The Competency Movement Within Psychology: An Historical Perspective

Nancy J. Rubin, Muriel Bebeau, Irene W. Leigh, James W. Lichtenberg, Paul D. Nelson, Sanford Portnoy, I. Leon Smith, Nadine J. Kaslow

Research output: Contribution to journalArticlepeer-review

123 Scopus citations


The authors provide a recitation of events in recent years that document an increased focus on competency-based models of education, training, and assessment in professional psychology, particularly clinical, counseling, and school psychology, based on the work of the American Psychological Association's (APA's) Task Force on Assessment of Competence in Professional Psychology. The article begins with the inclusion of competencies as part of the "Ethical Principles of Psychologists and Code of Conduct" (APA, 2002). Next, accreditation practices in the United States and Canada are summarized. Competency-based education, training, and credentialing efforts in professional psychology are reviewed, including graduate, practicum, internship, and postdoctoral levels; licensure; postlicensure certifications; and board certification. General and specialty credentialing efforts both in North America and internationally follow. The Competencies Conference: Education and Credentialing in Professional Psychology and work on developing competencies for the profession are discussed. Then initiatives focused specifically on the assessment of competence are delineated. Implications for continued progress toward a culture of the assessment of competence are discussed in light of the historical origins within the profession of the competency-based movement.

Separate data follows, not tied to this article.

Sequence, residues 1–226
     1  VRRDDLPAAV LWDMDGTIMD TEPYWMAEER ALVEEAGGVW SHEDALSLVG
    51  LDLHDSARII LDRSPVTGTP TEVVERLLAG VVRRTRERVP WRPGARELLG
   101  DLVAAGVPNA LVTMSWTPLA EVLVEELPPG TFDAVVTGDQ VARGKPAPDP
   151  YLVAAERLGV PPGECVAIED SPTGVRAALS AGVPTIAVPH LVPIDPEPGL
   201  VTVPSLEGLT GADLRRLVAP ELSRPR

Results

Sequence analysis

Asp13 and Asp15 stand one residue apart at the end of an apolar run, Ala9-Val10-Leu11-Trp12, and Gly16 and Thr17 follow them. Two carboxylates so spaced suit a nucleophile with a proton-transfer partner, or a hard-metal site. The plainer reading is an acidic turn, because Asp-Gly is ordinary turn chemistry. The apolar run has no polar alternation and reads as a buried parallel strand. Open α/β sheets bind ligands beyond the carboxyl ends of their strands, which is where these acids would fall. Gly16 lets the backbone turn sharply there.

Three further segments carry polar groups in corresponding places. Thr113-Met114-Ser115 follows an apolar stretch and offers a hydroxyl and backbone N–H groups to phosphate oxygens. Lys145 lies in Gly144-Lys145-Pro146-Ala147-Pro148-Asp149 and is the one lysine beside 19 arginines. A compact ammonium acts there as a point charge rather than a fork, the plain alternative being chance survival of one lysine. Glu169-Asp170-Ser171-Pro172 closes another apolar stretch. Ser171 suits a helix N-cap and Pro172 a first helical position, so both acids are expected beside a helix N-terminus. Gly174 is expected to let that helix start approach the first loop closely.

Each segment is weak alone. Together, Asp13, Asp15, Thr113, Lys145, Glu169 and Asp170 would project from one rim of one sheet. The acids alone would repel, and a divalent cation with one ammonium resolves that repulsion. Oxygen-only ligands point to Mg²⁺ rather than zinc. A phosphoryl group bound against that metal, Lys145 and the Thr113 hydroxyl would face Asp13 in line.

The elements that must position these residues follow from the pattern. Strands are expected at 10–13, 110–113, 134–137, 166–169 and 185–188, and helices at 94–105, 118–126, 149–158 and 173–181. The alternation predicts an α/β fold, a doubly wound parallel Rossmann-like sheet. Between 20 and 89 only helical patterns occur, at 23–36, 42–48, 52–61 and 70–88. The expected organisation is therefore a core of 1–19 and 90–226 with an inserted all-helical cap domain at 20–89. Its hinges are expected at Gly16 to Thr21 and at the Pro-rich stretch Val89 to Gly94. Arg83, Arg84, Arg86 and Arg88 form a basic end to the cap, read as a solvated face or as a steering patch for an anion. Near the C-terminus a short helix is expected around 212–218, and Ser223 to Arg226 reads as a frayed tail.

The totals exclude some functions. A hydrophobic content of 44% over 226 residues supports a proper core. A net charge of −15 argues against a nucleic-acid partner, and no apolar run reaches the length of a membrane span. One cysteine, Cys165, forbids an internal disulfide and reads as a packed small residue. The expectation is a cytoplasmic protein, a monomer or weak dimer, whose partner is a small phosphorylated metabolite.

Original languageEnglish (US)
Pages (from-to)452-462
Number of pages11
JournalProfessional Psychology: Research and Practice
Issue number5
StatePublished - Oct 2007


  • competency
  • credentialing
  • education and training
  • history
  • psychology


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